Two people have been injured after a far-right attack on the LGBTQ Pride in the eastern Ukrainian city of Kharkiv on September 15.
Members of the far-right organization "Freikorps" beat the attendants of the march shortly following the end of the event. The two victims were taken to hospital. 15 people were detained and taken to a police department in Kharkiv, where fellow "Freikorps" members subsequently made their way to "free their people."
Clashes also erupted during the detention; one law enforcement officer was pepper-sprayed by the far-right.
Kharkiv Pride went ahead on September 15, despite strong opposition from the local government and even a court rule against it. According to Kharkiv officials, such an event would have bad implications on the drivers of the city who – due to partial closure of streets – would not be able to get to several spots in the city. While the mayor of Kharkiv, Gennadiy Kernes, even asked the court to "restrain Kharkiv Pride" fearing provocations and violence. A September 5 court sitting decided against holding the event.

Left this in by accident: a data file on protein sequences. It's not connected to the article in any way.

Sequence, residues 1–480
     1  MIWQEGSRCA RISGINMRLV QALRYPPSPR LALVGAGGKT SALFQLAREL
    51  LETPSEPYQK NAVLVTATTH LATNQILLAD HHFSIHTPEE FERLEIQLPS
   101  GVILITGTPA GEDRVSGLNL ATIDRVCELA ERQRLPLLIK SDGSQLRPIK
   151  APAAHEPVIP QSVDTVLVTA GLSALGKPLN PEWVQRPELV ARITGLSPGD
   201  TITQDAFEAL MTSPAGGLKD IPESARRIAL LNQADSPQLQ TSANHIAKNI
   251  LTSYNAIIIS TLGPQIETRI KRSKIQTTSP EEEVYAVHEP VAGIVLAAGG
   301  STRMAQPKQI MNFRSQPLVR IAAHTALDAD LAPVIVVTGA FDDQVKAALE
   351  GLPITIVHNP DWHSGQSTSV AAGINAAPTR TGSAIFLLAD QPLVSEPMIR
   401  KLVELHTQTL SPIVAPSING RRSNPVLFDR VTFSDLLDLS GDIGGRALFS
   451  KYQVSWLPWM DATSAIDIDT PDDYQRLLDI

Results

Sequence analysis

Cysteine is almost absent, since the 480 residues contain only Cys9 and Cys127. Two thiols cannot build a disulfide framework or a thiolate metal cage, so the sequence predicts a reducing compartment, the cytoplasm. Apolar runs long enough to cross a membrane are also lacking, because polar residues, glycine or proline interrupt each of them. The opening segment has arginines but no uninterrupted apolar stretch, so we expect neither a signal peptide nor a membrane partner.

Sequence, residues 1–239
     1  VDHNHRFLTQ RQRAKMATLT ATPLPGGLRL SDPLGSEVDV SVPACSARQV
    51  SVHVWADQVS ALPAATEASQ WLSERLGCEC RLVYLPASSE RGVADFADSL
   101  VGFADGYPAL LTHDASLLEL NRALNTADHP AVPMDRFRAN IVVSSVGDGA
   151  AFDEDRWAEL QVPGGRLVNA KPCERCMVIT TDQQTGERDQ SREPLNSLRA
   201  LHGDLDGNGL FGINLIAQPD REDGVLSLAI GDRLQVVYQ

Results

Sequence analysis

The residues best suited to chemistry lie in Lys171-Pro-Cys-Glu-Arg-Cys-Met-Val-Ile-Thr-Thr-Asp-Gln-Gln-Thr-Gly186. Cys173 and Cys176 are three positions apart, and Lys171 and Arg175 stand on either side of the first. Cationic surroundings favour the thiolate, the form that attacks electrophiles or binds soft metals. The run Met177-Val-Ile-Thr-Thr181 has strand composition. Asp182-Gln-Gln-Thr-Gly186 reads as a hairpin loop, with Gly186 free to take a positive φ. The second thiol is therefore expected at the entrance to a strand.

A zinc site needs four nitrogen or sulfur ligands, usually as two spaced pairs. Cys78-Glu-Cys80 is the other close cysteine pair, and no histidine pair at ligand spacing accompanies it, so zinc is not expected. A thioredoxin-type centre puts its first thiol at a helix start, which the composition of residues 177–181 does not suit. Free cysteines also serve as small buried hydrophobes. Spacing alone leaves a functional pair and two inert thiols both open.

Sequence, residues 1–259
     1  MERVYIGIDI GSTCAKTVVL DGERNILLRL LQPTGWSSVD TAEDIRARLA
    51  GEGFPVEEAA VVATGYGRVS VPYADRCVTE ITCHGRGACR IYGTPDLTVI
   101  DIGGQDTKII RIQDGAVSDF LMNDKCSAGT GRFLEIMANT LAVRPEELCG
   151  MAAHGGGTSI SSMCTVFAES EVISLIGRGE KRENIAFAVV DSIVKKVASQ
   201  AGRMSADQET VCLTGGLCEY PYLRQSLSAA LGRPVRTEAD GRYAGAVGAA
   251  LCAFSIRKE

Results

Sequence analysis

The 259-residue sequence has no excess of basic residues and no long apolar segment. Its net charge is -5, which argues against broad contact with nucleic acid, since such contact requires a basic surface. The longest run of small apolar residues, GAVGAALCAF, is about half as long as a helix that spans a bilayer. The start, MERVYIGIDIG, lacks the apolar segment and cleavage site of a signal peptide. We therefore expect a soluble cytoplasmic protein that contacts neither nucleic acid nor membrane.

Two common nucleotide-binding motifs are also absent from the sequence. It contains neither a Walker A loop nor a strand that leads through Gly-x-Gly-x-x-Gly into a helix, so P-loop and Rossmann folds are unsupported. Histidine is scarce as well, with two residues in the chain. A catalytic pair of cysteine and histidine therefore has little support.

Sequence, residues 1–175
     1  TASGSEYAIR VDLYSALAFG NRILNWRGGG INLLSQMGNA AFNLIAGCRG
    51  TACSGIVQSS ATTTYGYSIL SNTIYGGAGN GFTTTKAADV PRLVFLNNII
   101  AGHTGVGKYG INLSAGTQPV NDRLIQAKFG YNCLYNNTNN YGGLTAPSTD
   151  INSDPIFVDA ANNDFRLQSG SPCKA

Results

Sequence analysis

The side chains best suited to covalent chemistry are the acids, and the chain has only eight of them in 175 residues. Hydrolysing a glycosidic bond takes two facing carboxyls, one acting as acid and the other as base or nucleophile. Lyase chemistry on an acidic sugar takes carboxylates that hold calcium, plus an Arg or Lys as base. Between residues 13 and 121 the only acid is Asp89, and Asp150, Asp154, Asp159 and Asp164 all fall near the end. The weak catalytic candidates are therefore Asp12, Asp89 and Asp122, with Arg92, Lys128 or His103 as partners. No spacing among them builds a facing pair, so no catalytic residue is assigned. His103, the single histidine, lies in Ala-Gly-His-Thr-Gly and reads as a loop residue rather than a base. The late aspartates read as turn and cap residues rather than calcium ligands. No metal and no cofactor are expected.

Four days (and a few condemnations by Ukrainian and western human rights organizations) later, Kernes announced that Kharkiv Pride would go ahead.
"Why [did we change our mind]? Because we see that it's an event that needs security measures. We cannot restrict or ban them," the mayor of Kharkiv told MediaPort news agency on September 9.
A "March for traditional values" took place at the same time as Pride in Kharkiv. The two demonstrations were separated by a horde of law enforcement officers working to ensure safety for the attendants. 2,000 people attended Kharkiv Pride, while 500 attended the counter-demonstration.
Straight after the end of the event and before the attack, Kharkiv police announced "no violations" and "no detentions," despite the march being marred by by some egg-throwing from the counter-protesters. One of the eggs hit a Kharkiv-based Hromadske correspondent who was covering the event.
/By Maria Romanenko